New customers coming to Cable One can subscribe to an entry-level broadband plan of 100 Mbps with a 300 GB monthly data cap for $55 a month. There are no discounts or promotions on this plan. But Cable One also requires customers to lease ($10.50/mo.) or buy an added-cost cable modem, raising the price higher. To prevent customers from taking advantage of promotions on higher speed products, Cable One requires customers to disconnect from service for a full year before being considered a new customer once again.


Cable One has been able to raise prices and attach stingy usage caps to customers primarily because there are no good alternatives in the rural markets it prefers. One analyst said 77% of Cable One’s customers are in largely rural areas of Arizona, Idaho, Illinois, Missouri, Montana and Oklahoma. But prices are clearly getting too high for some, because the company lost more video and phone customers that it gained in new broadband subscriptions during the fourth quarter of 2017.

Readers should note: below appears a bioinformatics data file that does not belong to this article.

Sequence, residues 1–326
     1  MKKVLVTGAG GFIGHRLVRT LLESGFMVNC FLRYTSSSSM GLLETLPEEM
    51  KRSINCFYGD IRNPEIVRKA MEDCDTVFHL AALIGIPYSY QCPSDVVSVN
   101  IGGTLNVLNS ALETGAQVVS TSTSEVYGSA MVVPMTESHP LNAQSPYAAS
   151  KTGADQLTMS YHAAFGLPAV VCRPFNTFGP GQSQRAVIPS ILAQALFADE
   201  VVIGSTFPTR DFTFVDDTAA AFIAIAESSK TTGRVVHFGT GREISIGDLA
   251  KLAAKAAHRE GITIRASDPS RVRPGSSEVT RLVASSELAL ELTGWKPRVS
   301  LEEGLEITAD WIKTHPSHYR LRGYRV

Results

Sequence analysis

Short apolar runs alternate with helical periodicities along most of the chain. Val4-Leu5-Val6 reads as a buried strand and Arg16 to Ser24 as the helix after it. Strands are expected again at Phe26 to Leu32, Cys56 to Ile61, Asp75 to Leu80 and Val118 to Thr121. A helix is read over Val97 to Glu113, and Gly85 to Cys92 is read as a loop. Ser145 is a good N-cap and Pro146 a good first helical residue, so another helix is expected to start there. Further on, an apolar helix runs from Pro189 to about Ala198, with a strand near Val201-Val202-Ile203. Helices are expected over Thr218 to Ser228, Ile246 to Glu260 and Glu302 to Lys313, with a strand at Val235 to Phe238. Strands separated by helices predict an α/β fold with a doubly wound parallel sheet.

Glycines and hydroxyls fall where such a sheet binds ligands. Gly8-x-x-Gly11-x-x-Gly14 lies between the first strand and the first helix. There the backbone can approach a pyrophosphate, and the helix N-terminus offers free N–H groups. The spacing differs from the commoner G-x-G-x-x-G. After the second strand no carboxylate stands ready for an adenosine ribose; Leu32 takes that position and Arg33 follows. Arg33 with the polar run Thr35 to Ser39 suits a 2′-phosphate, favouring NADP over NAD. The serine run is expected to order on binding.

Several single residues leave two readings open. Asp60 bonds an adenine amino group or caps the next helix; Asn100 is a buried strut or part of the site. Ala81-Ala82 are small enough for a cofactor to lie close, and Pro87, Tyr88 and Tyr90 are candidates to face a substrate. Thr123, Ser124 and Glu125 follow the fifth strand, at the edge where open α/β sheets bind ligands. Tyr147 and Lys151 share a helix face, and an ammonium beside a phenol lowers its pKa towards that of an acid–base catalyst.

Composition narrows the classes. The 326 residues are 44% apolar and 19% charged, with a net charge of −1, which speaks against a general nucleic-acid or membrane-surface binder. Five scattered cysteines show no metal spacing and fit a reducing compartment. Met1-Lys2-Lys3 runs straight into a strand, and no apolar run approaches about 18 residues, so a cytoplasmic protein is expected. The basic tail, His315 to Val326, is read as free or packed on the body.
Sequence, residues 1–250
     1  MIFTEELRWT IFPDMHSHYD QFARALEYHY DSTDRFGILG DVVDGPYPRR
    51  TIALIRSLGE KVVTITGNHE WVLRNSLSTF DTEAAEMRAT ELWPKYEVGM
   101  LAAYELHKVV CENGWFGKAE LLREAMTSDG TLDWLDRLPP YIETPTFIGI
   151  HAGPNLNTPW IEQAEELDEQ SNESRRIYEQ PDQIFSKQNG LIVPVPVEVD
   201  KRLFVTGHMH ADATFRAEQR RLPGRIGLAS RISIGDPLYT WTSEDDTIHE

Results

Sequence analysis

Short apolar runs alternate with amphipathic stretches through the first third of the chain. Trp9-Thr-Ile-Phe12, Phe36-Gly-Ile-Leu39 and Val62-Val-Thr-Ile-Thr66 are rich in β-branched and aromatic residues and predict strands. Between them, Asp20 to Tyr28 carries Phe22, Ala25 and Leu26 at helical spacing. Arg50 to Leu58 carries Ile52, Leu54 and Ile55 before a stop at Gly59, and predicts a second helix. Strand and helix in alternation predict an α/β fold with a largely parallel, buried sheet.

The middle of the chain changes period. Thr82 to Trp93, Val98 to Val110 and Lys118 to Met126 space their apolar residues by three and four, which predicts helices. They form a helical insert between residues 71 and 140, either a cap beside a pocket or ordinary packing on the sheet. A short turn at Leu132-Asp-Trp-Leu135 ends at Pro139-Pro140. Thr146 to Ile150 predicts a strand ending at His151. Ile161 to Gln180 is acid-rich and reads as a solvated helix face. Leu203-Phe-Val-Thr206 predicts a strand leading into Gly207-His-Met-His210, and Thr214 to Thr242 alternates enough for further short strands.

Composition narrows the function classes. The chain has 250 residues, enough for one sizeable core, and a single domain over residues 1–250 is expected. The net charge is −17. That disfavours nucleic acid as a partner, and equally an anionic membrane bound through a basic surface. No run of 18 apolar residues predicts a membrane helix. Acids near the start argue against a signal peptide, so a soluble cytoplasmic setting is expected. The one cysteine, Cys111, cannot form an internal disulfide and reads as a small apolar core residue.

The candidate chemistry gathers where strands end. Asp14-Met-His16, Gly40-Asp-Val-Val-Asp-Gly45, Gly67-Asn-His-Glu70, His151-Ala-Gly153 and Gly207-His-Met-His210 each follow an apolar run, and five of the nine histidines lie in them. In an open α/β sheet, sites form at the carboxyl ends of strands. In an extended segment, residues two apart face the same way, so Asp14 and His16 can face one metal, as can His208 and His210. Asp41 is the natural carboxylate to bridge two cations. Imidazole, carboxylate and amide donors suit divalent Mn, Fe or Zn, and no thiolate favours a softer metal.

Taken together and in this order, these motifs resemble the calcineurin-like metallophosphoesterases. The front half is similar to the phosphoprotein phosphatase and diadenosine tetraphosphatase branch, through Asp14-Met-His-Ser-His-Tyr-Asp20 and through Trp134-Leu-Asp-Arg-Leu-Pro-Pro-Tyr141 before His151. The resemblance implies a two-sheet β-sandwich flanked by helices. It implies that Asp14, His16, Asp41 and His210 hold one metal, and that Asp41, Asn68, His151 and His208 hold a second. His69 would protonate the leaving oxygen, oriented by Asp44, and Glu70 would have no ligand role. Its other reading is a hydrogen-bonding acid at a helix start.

The fact Cable One broadband is now considered by many subscribers to be “too expensive” is also reflected by the extremely anemic broadband growth at Cable One. In 2017, the company added just 1.5% to its residential broadband customer base, despite very limited competition from phone companies.

MoffettNathanson’s Craig Moffett has complained all winter that Cable One is sacrificing broadband subscriber growth in favor of profits from price increases.